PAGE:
The question is not specific to any processor. Can I have an assembly instruction, like:

 ADD R1 R0 R0

R1 is the destination.

My understanding is that, if the register file in a processor supports 2 simultaneous reads in a clock cycle (i.e. 2 read ports), two different registers can be read. But for 2 same input registers, this case has to be handled explicitly wherein the input can be duplicated after reading the first operand, and if that is not supported, the register file MUST have 2 read ports in one clock cycle, if not it might lead to a structural hazard.

I would like to know if my understanding is right.


And also do, any processors (current/old) handle this case, explicitly.

Thanks in advance.


R1 <- R0 + R0 works in every processor that permits three register operands. Nothing special needs to be done to deal with the same register driving multiple read ports.

Each register-file read port is just a multiplexer. If you have $N$ registers driving the $N$ inputs of one $N$-to-$1$ multiplexer and the same $N$ registers driving the $N$ inputs of a different $N$-to-$1$ multiplexer, there's no constraint that says that both multiplexer selects can't be set to the same register.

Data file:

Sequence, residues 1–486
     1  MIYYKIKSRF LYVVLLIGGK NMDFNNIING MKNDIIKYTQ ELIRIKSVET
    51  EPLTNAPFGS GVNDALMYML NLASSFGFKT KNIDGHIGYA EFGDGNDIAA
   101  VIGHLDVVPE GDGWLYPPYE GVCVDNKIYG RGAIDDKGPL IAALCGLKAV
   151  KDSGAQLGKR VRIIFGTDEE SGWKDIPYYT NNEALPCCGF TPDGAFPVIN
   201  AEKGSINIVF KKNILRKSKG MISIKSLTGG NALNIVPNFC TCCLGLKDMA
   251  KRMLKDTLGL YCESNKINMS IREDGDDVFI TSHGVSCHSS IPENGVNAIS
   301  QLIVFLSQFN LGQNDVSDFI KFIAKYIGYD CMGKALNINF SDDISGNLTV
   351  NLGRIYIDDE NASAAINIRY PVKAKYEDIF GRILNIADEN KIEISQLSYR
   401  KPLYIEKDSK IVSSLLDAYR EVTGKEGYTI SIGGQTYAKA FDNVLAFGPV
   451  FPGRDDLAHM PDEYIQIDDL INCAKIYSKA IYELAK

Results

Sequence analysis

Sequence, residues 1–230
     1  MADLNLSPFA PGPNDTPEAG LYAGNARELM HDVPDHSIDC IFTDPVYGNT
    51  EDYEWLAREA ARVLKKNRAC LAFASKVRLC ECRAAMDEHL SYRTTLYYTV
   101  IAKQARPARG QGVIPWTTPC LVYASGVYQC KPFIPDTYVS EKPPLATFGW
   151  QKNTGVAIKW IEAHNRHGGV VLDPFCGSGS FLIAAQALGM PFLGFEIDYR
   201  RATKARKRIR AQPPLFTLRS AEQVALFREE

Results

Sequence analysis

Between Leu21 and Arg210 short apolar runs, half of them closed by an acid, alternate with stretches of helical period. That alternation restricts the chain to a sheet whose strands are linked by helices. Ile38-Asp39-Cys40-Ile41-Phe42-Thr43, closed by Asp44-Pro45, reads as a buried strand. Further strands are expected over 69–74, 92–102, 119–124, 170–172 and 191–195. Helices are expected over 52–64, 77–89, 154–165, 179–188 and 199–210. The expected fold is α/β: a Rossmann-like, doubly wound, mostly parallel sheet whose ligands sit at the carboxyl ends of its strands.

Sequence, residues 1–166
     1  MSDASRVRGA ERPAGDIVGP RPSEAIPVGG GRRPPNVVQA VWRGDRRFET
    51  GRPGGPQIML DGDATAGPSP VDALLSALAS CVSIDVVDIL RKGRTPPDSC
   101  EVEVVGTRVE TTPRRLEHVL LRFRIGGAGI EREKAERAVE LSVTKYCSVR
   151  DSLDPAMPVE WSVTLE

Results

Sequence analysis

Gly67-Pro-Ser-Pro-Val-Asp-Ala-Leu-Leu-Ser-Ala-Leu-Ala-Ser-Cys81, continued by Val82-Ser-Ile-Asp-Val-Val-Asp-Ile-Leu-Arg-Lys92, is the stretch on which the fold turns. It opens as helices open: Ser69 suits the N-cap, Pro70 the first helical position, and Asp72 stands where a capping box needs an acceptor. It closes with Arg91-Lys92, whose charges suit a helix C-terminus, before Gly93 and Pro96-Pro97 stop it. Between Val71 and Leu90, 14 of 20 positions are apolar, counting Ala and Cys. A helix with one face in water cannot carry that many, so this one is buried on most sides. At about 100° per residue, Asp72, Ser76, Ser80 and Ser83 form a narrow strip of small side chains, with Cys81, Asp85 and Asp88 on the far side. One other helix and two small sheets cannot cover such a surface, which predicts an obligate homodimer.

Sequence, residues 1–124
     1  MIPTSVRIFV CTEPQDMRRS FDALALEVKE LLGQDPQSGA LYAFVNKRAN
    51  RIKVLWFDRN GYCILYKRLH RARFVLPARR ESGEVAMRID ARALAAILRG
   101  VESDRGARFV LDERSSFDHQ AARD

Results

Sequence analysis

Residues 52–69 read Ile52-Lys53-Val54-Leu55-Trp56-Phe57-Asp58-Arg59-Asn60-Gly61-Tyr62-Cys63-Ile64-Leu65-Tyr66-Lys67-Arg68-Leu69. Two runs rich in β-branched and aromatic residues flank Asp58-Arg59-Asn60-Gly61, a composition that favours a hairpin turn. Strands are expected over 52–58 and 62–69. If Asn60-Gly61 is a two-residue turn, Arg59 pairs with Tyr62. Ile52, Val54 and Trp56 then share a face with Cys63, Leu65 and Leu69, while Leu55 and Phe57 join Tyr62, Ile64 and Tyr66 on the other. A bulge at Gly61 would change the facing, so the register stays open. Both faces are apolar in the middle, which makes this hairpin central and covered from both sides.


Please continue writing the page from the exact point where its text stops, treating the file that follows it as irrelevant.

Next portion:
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    $\begingroup$ It might also be worth noting that for the original Pentium 4 add self-to-self would be preferred over left shift by 1 since the former would use the fast ALU. Such operations may also be detected in decode/rename as part of idiom recognition (e.g., some x86 implementations recognize subtract self and xor self as zeroing instructions). $\endgroup$ – Paul A. Clayton Jan 1 '15 at 16:58

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